#1
Ok, I think I may need to shim my neck but I'm not 100% sure, hence this post. I have an Epiphone LP-100 with 10 gauge light strings on it right now. I want to lower the action. I have already messed with the truss rod because I was having some fret-buzz issues on the low frets that are now remedied. Right now when I do the 'test' (hold first and fourteenth fret) I am getting less than a credit card's thickness between frets 6 - 9 and the string, so I assume my bowing is fine. The action at my lower frets is nice, but climbs drastically. I can slide a nickel between the fret and the string easily starting at fret 4, and near fret 22 I can see even more room, possibly room for a dime and a nickel. (sorry for stupid measurements!)

So, the suggestion would be to just lower the saddle, which works fine, until I fret ~12+. Anywhere around or over 12th fret and I get insane buzz coming from the last fret.

I would think that I should be able to get more consistent action throughout the neck, instead of like 1.5mms at first fret, and then ~4mm at twelfth? I thought I had it but now the buzz at the higher frets tells me otherwise, and since I have less than a credit card's bowing, I don't think it's just a truss rod adjustment.
Am I right in assuming I need to completely straighten out the neck, lower the saddle, shim, and then go from there?
Thanks in advance.
#2
It shouldn't be necessary, nor exactly worth it. The uneven buzzing could very well be uneven frets, and the only thing you can do to compensate for that is raising the action.
Slightly loosen the rod (So it bends a bit more, to be clear) and then adjust action at the bridge again. This may give you more of an angle to clear the bad frets.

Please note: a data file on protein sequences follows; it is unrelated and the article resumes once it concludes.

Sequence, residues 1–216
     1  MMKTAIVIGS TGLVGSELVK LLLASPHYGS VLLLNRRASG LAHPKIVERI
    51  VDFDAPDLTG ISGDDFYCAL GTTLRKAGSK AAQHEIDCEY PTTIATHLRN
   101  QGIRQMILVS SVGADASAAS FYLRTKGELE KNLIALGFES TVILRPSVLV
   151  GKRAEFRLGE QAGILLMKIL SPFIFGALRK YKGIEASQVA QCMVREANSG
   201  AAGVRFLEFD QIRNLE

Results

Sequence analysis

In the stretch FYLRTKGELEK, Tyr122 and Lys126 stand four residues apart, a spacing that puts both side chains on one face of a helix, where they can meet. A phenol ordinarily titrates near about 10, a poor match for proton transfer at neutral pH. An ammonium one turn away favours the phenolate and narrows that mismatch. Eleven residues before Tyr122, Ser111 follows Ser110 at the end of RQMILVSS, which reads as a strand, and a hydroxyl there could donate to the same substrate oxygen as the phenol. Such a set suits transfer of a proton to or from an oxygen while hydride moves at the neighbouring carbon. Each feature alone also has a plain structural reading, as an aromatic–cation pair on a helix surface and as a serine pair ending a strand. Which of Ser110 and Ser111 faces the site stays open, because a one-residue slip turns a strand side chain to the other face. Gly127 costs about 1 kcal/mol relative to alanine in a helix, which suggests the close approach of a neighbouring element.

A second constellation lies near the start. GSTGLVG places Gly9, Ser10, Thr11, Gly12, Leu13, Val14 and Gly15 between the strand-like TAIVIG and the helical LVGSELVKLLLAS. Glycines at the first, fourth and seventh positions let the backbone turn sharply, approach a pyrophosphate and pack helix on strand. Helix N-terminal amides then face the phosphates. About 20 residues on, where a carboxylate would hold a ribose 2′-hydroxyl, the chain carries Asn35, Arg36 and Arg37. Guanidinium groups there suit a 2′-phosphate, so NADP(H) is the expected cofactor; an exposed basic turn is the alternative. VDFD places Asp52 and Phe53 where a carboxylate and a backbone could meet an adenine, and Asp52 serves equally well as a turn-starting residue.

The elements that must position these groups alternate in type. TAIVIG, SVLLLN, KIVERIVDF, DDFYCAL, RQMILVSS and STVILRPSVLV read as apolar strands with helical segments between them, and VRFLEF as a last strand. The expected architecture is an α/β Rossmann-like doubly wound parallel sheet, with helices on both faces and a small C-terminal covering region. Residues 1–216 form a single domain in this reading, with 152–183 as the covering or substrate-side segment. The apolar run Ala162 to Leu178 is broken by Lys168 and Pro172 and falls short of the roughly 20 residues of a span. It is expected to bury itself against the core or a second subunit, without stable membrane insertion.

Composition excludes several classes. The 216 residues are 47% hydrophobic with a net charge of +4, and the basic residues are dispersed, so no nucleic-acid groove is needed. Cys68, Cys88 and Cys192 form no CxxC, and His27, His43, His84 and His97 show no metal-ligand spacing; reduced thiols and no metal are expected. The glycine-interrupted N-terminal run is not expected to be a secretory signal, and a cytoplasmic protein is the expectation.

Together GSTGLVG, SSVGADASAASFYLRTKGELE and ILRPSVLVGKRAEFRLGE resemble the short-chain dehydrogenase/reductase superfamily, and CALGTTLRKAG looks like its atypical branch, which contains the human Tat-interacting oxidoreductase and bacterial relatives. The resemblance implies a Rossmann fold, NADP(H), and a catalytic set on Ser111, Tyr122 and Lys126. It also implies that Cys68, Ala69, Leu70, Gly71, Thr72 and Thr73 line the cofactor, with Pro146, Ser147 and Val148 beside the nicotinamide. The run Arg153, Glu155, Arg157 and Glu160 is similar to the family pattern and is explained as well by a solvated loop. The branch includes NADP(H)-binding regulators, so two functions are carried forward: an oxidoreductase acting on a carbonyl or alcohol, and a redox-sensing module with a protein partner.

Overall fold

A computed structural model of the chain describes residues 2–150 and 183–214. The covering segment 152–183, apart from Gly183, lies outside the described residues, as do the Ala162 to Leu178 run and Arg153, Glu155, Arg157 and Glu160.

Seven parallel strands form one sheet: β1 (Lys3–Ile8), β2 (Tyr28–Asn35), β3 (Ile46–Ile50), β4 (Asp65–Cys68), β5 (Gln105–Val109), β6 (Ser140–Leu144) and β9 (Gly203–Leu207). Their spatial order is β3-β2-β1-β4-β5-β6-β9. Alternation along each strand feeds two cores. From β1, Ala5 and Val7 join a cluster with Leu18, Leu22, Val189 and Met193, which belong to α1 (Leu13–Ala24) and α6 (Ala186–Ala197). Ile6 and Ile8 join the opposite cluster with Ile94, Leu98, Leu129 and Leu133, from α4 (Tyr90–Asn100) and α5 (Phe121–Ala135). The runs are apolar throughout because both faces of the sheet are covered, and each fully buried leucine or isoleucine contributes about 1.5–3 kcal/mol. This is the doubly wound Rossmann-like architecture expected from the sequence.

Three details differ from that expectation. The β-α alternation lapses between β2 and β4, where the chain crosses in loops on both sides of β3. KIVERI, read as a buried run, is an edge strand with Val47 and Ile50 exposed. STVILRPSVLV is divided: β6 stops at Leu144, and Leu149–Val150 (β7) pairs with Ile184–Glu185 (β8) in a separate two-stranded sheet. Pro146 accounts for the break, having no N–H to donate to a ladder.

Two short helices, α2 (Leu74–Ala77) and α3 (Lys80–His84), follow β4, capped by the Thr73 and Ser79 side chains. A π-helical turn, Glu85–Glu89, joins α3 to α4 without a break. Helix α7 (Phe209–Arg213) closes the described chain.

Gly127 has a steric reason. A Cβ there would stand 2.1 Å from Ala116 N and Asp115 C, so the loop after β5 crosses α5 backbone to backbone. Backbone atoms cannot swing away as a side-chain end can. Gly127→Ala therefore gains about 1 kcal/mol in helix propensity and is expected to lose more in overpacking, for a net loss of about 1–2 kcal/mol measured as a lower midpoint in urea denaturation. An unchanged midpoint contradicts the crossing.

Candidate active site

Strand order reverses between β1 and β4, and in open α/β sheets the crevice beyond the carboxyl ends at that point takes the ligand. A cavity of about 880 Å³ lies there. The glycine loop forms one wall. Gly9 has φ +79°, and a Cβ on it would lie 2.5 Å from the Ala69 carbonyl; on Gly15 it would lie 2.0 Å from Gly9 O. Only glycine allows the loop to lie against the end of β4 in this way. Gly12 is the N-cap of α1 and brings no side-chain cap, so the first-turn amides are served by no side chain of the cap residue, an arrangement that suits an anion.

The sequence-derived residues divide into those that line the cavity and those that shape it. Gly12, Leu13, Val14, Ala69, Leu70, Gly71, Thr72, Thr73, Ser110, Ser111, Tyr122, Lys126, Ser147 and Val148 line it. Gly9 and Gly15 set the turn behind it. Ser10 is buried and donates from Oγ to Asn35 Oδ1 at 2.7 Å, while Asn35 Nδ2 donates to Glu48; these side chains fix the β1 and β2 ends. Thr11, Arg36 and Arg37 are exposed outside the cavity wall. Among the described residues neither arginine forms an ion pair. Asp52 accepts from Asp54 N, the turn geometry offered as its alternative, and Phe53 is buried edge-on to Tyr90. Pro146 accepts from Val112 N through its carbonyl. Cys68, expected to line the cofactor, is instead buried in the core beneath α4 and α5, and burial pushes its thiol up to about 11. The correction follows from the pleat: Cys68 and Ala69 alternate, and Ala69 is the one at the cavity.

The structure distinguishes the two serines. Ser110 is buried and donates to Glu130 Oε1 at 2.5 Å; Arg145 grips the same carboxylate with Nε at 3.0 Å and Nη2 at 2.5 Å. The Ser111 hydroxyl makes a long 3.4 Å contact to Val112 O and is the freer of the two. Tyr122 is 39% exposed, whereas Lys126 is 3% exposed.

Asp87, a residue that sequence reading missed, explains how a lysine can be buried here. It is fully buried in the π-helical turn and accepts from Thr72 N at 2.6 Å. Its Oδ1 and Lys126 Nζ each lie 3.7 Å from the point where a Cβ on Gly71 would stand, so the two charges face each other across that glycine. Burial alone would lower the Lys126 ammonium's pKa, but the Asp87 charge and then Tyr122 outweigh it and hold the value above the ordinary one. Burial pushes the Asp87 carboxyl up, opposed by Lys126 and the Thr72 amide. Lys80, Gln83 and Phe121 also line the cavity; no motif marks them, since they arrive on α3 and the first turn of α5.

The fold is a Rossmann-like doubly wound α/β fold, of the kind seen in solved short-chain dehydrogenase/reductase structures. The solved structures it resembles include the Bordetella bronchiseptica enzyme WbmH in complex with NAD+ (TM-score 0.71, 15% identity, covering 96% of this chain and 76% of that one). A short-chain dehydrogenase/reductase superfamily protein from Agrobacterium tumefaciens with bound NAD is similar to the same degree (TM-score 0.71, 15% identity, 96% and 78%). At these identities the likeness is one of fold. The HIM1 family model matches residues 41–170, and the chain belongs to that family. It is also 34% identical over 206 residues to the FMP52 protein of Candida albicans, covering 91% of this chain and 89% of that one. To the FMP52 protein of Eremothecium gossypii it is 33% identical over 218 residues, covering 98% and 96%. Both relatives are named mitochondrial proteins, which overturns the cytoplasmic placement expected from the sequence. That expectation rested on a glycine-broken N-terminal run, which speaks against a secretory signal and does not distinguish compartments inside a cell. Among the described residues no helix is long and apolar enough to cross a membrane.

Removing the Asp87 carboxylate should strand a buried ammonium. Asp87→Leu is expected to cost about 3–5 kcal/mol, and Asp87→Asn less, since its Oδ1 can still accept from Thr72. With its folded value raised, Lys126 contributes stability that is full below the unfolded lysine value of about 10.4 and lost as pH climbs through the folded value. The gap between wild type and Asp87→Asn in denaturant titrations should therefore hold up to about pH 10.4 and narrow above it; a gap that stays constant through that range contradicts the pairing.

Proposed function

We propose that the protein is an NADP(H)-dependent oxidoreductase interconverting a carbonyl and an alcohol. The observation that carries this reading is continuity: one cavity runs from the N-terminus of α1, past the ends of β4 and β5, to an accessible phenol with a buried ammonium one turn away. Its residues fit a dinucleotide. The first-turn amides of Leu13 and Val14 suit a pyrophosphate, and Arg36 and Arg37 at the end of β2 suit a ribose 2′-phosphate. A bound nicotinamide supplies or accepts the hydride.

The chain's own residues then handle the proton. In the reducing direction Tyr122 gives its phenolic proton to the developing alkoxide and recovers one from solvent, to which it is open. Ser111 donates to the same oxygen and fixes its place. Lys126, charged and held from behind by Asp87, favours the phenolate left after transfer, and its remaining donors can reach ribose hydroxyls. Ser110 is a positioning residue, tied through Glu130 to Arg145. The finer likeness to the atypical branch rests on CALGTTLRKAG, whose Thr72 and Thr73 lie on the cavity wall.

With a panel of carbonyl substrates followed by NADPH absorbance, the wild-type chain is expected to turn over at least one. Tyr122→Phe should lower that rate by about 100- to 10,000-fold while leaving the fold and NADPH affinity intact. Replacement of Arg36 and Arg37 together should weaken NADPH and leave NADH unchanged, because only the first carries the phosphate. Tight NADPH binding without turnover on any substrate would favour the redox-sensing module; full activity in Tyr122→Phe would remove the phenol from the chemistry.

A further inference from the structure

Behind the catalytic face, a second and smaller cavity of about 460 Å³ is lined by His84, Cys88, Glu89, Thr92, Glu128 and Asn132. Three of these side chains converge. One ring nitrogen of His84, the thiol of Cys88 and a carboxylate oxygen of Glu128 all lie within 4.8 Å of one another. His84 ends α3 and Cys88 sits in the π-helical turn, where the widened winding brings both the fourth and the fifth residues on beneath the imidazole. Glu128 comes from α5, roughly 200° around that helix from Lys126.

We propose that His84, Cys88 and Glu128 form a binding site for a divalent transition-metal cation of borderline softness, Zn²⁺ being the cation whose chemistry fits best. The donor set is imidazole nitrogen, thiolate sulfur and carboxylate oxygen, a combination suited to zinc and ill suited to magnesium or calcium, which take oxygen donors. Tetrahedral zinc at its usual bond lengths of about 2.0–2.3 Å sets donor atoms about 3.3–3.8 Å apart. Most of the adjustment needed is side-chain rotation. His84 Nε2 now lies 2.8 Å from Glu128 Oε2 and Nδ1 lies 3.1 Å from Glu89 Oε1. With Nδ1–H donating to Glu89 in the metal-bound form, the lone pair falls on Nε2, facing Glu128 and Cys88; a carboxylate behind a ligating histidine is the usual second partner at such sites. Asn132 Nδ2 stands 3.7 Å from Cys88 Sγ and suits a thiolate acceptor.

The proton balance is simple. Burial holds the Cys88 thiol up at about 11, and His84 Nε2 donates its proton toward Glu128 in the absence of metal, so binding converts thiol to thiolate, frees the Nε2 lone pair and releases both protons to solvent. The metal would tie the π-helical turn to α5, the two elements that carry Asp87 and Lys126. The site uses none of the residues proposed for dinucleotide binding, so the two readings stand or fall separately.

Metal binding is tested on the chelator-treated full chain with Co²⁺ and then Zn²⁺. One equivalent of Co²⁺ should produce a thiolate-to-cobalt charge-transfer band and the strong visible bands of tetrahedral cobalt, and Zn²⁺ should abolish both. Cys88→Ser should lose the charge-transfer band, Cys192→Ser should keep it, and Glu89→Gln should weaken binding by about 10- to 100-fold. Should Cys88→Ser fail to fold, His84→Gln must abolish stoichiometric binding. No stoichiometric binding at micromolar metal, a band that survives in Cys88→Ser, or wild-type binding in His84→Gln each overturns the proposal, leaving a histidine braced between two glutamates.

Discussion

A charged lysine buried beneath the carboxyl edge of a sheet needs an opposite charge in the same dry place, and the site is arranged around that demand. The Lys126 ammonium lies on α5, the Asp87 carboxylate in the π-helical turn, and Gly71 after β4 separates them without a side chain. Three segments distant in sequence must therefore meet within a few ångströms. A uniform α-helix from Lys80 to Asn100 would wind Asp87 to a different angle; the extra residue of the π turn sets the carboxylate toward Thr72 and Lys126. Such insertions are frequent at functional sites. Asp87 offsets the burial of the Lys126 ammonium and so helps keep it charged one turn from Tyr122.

Can you not fix bad frets then? Well, yes you can, but as with the shim, it wouldn't be worth it. IE, an expensive fretjob on an LP-100 is not exactly what you'd call doing business.
#3
I added a little more bend like suggested but didn't have to raise the saddle. I have it high with no buzz right now, so it is playable as opposed to low (how I want it) with constant buzzing at higher frets. If I have it as low as I'd like, that's when I get the high-fret buzzing. When I am talking about shimming the neck, I do mean a do-it-yourself credit card job, not a professional, or even purchased shim.
#4
I dont think les pauls are designed for really low action (I may be wrong) ... You might be fighting a loosing battle.

Perhaps you can mess around with the truss rod again ... Or raise the height of the nut.
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#5
Low action is possible on LP guitars. But as its a LP100 gonna take more than a shim to fix it. The fret work on the LP100s Ive seen was really bad. Fret leveling may not do it as on mine the fretboard itself was really uneven and some frets would have needed to much taken off to come close to level. Mine has nice low action now but took considerable work to get it there, expensive work if you cant do it yourself. Mine was a cheaply acquired project guitar, and I have all the tools and materials to fix it.
#6
Alright, I'll just leave it for now. Maybe when I'm changing strings next I'll toss in a shim and see if it helps any. It's not unplayable or anything at the action it's at right now, but I've seen WAY lower.